Upset over budget cuts, the Montreal Police Brotherhood took a shot at the SPVM recently by acknowledging the existence of daily traffic ticket quotas; a system the department’s brass continues to insist does not exist.
Yves Francoeur, head of the Fraternité des policiers et des policières de Montréal (FPPM), told The Métropolitain that the most the SPVM will admit to is a daily “average,” maybe even an objective – but not a fixed quota. He said they’re getting caught up in semantics and aren’t being up front about the quota system.
“It’s clear: In the traffic department, there’s a quota of 18 tickets per day,” Francoeur said. “If they’re out patrolling and doing their job, they have to give 18 tickets.”
As head of the union representing Montreal police officers, Francoeur said his information comes from reliable sources. The commander of one traffic division in the city told him that the daily quota could reach as high as 28 tickets. Officers who didn’t bring in the desired take, the commander told Francoeur, would be at risk of being demoted.
No senior SPVM officials were available for comment, but one commander who does not deal directly with traffic squads told The Métropolitain that the department’s stance continues to be that no quota systems exist. Claude Dauphin, the Montreal executive committee member in charge of public security, could not confirm Francoeur’s statements about the quotas, nor could he categorically deny their existence either.
“The information I have from the police department is that there are no quotas,” Dauphin said. “At the end of the year, they do an average and that average last year was 18 per day.”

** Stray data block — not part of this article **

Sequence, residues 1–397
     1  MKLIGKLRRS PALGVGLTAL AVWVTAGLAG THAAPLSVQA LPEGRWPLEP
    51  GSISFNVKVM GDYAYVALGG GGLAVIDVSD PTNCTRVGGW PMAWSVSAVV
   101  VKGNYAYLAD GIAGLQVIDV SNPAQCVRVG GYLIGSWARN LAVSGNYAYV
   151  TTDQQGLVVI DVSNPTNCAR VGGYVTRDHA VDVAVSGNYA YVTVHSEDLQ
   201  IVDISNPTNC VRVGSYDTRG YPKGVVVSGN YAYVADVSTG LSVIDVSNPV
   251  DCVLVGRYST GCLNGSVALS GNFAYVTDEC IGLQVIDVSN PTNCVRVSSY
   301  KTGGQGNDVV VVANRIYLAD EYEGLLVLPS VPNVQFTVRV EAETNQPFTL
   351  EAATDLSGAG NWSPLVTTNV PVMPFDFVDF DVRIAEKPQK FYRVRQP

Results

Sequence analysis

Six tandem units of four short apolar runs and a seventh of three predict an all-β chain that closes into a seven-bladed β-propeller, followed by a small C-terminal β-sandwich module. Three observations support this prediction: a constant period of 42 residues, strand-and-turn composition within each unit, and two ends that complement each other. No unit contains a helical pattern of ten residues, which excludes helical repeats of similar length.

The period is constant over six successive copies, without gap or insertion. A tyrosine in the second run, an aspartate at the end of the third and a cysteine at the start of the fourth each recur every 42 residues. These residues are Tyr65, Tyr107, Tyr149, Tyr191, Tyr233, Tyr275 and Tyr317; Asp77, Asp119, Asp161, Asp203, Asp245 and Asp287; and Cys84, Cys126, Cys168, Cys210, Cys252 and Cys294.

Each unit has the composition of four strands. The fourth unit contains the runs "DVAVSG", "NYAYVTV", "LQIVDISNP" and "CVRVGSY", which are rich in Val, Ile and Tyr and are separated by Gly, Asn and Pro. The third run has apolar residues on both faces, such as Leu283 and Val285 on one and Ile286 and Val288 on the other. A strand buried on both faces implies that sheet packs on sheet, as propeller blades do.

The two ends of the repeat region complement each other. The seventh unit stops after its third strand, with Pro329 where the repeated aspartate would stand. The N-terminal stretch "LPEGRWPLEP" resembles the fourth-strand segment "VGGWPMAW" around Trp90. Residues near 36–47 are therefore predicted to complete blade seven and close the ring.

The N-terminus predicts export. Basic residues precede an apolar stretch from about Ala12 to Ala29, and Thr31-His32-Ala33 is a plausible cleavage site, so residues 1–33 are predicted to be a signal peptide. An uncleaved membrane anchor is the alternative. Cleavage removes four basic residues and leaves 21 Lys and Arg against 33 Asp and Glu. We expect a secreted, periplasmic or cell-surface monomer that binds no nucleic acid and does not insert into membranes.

Dauphin said his information comes from the office of SPVM Chief Yvan Delorme. Dauphin’s role as an elected representative, he explained, is to provide the department with general guidelines and not to get involved in day-to-day operational decisions.
“It’s true that we’re issuing more tickets. If I said we weren’t, nobody would believe me,” Dauphin said. “It’s not a tax grab. It’s a way of improving public safety.”
The traffic squad was abolished in 1997 and brought back by the Tremblay administration in 2006. In the last three years, they have proven to be valuable to the city both in terms of added revenue and, Dauphin said, in helping to make streets safer. From 2007 to 2008, recently-released SPVM statistics show there were 40 per cent less road injuries and 13 per cent fewer deaths. The data collected so far this year purportedly paints an even rosier picture.
In light of the department’s recent successes, Francoeur is puzzled as to why nearly $14 million must be slashed from their budget. That means fewer resources for expensive policing, like investigations, and potentially a greater emphasis on revenue-generating operations like the traffic squad. The cuts are once again creating friction between the union and the city, just as pressure tactics, like the wearing of pastel-coloured camouflage pants by officers, were done away in the spirit of cooperation. In arbitration, the two sides agreed to sign a collective agreement by year’s end.
“It will be absolutely impossible to give the same level of security,” Francoeur said. “We don’t want City Hall ordering the police department to bring in more revenue.”